At the moment, every year China offers Ugandan students scholarships at all levels, at graduate and post graduate levels, 35 students per year and there is an existing exchange programme for human resource training. Every year, more than 300 Ugandans of various disciplines come to China for various courses ranging from one year to six months. There is a lot of cooperation at the political level, in terms of training. There are vast opportunities and there are times when there is a need for specialised skills obtainable in China and a request is made by the Ugandan government to the China government and the embassy follows up the matter.

How will Uganda benefit from the 2010 World Expo in Shanghai, China?

First we are grateful to the China government for supporting Uganda and other countries to take part. They provided money to set up the African pavilion. I was told about $650,000 was spent for the construction of the African pavilion. The Expo will help us to showcase what we have, especially in areas of tourism. Many visitors have been to our stand. The benefits are many.



JUDGES CAN"T BE ACTIVISTS FOR HUMAN RIGHTS ABUSES

Last week’s Judicial Roundtable on the Domestication of International instruments registered some startling views from the learned members of the bench who argued that suspects should stay on remand for longer periods without trial.

Apparently ,the justices led by court of Appeal judge , Amos Twinomujuni , were up in arms- criticizing parliament for amending the criminal penal law thus reducing the remand days for capital offenders before they can qualify for automatic bail from 360 to 180 days and 120 to 60 days for minor offenders.

Following these amendments to the Penal code, the right to bail for accused persons has become a controversial issue in judicial circles. Different judges have given different interpretations to the new provisions causing confusion not only within the legal fraternity but among the public as well.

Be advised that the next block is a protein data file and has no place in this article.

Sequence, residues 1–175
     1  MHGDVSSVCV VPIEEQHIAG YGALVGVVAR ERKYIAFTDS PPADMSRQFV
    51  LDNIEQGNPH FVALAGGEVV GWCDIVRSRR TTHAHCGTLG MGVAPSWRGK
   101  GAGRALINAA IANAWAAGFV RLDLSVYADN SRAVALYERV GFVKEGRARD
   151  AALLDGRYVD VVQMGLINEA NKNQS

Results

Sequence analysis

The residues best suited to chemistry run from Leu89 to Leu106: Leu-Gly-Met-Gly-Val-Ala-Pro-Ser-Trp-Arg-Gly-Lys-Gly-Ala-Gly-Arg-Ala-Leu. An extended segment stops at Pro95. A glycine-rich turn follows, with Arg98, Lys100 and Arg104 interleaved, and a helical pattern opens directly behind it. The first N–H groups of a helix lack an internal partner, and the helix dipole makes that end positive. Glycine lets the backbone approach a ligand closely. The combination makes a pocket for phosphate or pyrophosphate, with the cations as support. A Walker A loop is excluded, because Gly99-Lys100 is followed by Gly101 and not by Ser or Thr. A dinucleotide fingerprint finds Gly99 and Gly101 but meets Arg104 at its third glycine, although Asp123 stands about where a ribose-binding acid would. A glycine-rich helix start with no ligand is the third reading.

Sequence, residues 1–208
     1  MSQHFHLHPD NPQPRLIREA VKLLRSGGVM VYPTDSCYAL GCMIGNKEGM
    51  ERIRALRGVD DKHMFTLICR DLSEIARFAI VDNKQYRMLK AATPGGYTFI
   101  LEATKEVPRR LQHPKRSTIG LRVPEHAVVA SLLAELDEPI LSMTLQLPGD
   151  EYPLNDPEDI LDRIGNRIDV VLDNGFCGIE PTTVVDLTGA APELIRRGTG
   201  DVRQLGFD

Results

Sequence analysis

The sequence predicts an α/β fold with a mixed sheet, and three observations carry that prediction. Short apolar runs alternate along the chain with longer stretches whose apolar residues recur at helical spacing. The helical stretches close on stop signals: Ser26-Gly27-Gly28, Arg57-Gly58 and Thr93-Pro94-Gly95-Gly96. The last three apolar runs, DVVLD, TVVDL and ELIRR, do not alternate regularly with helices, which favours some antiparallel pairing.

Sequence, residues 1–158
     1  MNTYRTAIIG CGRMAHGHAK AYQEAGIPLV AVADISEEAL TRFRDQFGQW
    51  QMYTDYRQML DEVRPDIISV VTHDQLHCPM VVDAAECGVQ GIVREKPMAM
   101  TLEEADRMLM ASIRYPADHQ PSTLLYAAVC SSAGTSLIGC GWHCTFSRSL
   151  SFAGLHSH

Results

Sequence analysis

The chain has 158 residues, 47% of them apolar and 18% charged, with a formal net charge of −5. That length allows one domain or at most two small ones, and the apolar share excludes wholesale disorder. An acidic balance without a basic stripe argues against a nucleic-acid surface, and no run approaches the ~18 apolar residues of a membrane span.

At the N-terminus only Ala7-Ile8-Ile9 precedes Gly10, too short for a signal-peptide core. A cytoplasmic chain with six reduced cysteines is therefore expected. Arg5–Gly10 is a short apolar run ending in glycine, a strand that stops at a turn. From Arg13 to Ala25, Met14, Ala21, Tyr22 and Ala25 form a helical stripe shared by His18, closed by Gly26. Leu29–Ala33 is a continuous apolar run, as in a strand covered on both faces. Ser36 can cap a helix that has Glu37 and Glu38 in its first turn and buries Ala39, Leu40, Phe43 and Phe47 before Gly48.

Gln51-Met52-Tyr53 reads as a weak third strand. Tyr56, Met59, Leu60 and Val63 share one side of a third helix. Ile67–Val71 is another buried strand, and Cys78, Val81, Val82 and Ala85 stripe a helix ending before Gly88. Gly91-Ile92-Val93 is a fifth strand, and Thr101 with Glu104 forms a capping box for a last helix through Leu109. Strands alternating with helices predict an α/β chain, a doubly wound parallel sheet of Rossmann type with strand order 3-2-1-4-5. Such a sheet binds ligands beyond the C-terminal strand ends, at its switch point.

With due respect however, their justices reasoning that the reduced remand period for suspects is a threat to public order and security since thugs and fugitives would have a field day should not go unchallenged.



Although courts of law have interpreted the constitutional right to bail to be discretionary and not an absolute entitlement, this should be read together with article 28 (3) which provides that every person who is accused of a criminal offence shall be presumed to be innocent until proved guilty or until that person has pleaded guilty.

Further still, article 23 of the constitution guarantees the protection to personal liberty – a right so important its only second to the right to life among those provided for in bill of rights provided for in chapter four of our constitution.

The exception to the right to liberty is for purposes of bring a person before court in execution of an order by court or upon reasonable suspicion that the person has committed or is about to commit a criminal offence under the laws of Uganda.

Article 23 also renders redundant the provisions of section 76 of the Magistrates Act which hitherto allowed a magistrate not to release a suspect from custody if its expedient for the protection of the public.

In the constitutional Court case of Uganda (DPP) vs. Dr. Kiiza Besigye, court noted that bail is a constitutional right which is derived from the presumption of innocence until proved guilty by a court of competent jurisdiction.

The constitutional court in this matter pronounced itself on the cardinal principle of constitutional interpretation. Court stated that when interpreting an article or clause of all articles bearing upon a subject matter under discussion, they have to be brought into purview and read or construed together as one whole so as to bring out the greatest effect of the document (constitution).